Wednesday, September 29

Class in America - An Essay Response

An essay by Gregory Mantsios seems to be a popular curriculum flint with which to fire class discussion on American social distinctions. Titled, “Class in America - 2006”, Mantsios asserts that many fundamentally cherished beliefs about individual opportunity in America are nothing more than ignorant and oppressive myths. I found his laborious attempt to dismiss classic “get ahead” American values of hard work, sacrifice and persistence - insulting.

He initiates the conversation by pointing out that people in the United States avidly avoid speaking about class. We are more likely to identify with our career or industry, race, ethnic group or geographic location - and I will add, religious affiliation. Yes, thank goodness, we do. It would seem so Bourgeoisie to ever refer to the “ruling class”, “elite” or “wellborn”, and definitely poor taste to ever say, “lower class”.

Yet virtually everyone talks about distinctions that make us noticeably different from each other. Granted, not all of them qualify academically as "class" ranking per se, but they are hardly off-limits to the American experience. What school or corporate lunch room has not naturally segregated itself without the slightest outside influence to do so? Do we not respond to people, almost innately - who are wearing a uniform of some kind (which is designed to identify them instantly from a distance), whether it be housekeeper, police or kitchen help? Who hasn't noticed, mentioned to a friend or sent a camera phone picture of those who are physically notable (obese, tattoos, piercings, fashion, etc.)? (I personally have never photographed anyone like that but you know what I mean - think YouTube).

We may not use the word "class", but we are indeed all about constantly ranking ourselves and others as to where we fit in. It is more an issue of the human condition, or human nature to compare and posture and test each other for rank or position than it is the ugly, subversive arm of an individual "oppressive" government.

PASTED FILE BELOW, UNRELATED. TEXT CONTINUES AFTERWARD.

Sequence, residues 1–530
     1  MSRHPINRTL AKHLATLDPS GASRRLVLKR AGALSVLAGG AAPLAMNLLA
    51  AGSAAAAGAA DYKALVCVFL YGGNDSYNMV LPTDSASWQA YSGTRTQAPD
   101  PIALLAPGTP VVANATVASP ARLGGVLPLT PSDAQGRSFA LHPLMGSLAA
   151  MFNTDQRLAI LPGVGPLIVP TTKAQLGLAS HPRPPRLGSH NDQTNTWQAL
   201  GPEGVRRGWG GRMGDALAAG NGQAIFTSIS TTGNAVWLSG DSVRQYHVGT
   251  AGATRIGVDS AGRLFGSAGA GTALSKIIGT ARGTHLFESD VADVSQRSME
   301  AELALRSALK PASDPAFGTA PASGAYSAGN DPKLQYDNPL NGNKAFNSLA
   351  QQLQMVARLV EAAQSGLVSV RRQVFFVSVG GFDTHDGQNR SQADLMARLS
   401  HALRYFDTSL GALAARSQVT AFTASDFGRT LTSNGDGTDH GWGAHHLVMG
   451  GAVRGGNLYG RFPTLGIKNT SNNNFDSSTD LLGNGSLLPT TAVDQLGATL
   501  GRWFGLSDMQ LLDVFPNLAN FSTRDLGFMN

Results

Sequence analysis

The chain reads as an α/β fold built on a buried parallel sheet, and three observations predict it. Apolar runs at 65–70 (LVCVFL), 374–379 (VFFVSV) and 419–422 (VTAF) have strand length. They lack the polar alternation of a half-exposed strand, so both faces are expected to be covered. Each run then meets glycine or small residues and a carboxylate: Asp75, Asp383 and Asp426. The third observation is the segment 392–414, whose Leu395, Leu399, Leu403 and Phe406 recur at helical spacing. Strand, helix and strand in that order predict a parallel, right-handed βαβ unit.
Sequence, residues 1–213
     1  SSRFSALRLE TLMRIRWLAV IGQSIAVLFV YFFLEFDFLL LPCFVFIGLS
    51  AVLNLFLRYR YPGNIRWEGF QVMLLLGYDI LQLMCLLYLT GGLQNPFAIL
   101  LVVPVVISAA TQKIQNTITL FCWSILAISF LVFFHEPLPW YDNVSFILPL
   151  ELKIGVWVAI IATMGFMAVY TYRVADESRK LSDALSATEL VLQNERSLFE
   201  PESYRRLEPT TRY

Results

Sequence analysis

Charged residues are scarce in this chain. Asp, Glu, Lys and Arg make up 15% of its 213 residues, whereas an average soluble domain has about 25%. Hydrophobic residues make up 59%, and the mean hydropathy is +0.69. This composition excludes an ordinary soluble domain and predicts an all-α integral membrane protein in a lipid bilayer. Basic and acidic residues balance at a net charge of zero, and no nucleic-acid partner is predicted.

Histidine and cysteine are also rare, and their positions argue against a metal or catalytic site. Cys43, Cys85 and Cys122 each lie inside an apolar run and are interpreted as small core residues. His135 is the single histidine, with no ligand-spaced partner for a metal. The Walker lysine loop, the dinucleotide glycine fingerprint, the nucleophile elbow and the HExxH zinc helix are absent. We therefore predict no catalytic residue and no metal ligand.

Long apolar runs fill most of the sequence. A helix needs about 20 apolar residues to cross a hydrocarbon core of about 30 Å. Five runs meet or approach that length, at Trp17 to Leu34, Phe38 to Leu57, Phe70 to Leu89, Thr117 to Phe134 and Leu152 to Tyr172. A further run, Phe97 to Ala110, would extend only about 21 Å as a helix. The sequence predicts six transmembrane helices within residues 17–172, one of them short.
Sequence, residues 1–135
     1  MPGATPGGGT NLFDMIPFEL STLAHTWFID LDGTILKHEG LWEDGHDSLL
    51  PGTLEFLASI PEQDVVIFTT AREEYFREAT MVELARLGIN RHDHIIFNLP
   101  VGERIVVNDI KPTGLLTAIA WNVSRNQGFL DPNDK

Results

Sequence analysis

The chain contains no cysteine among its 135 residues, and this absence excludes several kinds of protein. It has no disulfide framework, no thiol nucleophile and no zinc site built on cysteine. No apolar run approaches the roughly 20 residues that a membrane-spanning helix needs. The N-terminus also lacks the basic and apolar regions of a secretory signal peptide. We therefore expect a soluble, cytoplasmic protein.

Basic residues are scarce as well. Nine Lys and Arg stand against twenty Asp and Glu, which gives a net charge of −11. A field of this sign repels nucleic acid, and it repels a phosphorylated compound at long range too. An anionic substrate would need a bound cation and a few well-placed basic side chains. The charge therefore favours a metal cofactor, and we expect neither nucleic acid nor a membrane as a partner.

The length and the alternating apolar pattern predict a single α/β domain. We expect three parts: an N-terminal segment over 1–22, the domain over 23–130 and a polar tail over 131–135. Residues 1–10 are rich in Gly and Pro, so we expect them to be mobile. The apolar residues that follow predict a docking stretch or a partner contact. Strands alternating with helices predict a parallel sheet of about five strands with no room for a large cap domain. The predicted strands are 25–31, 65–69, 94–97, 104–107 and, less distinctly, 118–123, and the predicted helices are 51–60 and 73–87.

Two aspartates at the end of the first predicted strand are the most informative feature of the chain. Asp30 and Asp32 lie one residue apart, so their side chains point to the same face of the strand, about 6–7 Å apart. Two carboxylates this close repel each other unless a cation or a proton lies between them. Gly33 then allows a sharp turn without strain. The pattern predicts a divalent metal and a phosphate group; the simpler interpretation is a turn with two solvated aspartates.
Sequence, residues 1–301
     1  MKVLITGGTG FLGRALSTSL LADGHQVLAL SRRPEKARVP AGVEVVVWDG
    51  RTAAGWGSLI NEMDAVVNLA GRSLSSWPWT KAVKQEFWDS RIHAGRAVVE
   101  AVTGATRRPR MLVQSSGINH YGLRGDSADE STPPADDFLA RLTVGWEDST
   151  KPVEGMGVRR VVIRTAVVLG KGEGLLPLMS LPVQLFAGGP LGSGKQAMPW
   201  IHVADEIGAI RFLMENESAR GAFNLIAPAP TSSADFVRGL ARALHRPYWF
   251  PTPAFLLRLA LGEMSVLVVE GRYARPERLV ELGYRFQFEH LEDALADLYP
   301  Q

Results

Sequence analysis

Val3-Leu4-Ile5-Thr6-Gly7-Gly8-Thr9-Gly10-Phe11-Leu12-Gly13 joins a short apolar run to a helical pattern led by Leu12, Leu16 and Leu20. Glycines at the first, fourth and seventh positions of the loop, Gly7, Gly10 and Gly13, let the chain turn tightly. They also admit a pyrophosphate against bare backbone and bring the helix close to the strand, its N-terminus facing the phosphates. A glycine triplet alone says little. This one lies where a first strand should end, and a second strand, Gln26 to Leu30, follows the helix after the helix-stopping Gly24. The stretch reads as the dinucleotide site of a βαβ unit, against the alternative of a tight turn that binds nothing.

The economic disparity in America is crazy, of course. Our sick fascination with brilliantly debauched personal ethics is evidenced in reality shows like “Bridezilla”, “Sweet 16”, “The Real Housewives of Orange County” and “You’re Cut Off”. Americans love to hate people with money behaving badly. But what we hate worse is someone else telling us what to do with our money. Mantsios, however, tries to support his argument for forced wealth redistribution by comparing three profiles of persons representative of the three unspoken American class distinctions: upper class, middle class and lower class. He complains at length that 1% of America holds 30% of the wealth.

Personally, it does not bother me that there is an Oprah, Donald Trump or Bill Gates or two out there. Someone needs to assume the risk to build buildings, run corporations and move the market. Those kinds of people also hire a lot of other people and generate educational scholarship funds and support a wide variety of philanthropic and research projects. Their enormous success is a motivation to all the little people. Who would enter a race in the Olympics if they were also assured that every single entrant would win?

Michael Jordan was born to middle class parents in Brooklyn, New York. He quit the NBA after his first year as a rising star to return to North Carolina State to finish his degree. He continued his rise to celebrity status as an athlete, and made millions. Jordan’s name is respected and recognized for his athletic stardom and his business savvy. He invested wisely, and his name is associated with successful business ventures as well as numerous scholarships and charitable causes.

Mike Tyson was born to lower middle class parents in Brooklyn, New York. Abandoned by his father as a toddler, he grew up in crime-plagued Brownsville, New York, and was arrested 38 times by the time he was 13. Eventually was given to his boxing trainer who became his legal guardian. His rise to international celebrity also earned him millions. Yet his name today is a national joke. Tyson had trouble with the law, wasted his fortune on bad investments, women and common gambling addictions.